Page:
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Development and application of sub-2-μm particle CO2-based chromatography coupled to mass spectrometry for comprehensive analysis of lipids in cottonseed extracts

Research output: Contribution to journalArticle

Carolina Salazar, Michael D. Jones, Drew Sturtevant, Patrick J. Horn, Janna Crossley, Khadiza Zaman, Kent D. Chapman, Mark Wrona, Giorgis Isaac, Norman W. Smith, Vladimir Shulaev

Original languageEnglish
Pages (from-to)591-605
Number of pages15
JournalRapid Communications in Mass Spectrometry
Volume31
Issue number7
Early online date10 Jan 2017
DOIs
Accepted/In press8 Jan 2017
E-pub ahead of print10 Jan 2017
Published15 Apr 2017

King's Authors

Abstract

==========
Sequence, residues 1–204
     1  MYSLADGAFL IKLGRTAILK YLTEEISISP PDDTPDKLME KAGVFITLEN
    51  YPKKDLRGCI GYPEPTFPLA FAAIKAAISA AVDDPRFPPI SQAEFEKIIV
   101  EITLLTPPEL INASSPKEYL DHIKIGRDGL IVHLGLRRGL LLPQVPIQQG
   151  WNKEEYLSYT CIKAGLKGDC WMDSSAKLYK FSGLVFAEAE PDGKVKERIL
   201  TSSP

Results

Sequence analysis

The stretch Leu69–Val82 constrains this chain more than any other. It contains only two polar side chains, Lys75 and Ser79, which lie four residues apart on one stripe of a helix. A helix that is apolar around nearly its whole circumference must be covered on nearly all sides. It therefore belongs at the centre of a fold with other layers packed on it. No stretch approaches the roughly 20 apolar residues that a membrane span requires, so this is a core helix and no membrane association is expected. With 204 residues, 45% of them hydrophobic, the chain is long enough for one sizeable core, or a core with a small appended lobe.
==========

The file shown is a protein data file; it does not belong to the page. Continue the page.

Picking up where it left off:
Rationale: Refined cottonseed oil has widespread applications in the food and chemical industries. Although the major lipids comprising cottonseed oil (triacylglycerols) are well known, there are many diverse lipid species in cotton seeds that occur at much lower levels and have important nutritional or anti-nutritional properties. Methods: The lipid technical samples were prepared in chloroform. The biological samples were extracted using a mixture of isopropanol/chloroform/H2O (2:1:0.45). The data were collected using high and low collision energy with simultaneous data collection on a time-of-flight (TOF) mass spectrometer which allowed the characterization of lipids by precursor and product ion alignment. The supercritical fluid chromatography methodology is flexible and can be altered to provide greater retention and separation. The comprehensive method was used to screen seed lipid extracts from several cotton genotypes using multivariate statistical analysis. Results: Method variables influencing the peak integrity and chromatographic separation for a mixture of lipids with different degrees of polarity were explored. The experiments were designed to understand the chromatographic behavior of lipids in a controlled setting using a variety of lipid extracts. Influences of acyl chain length and numbers of double bonds were investigated using single moiety standards. Conclusions: The methodology parameters were examined using single moiety lipid standards and standard mixtures. The method conditions were applied to biological lipid extracts, and adjustments were investigated to manipulate the chromatography. Insights from these method variable manipulations will help to frame the development of targeted lipid profiling and screening protocols.

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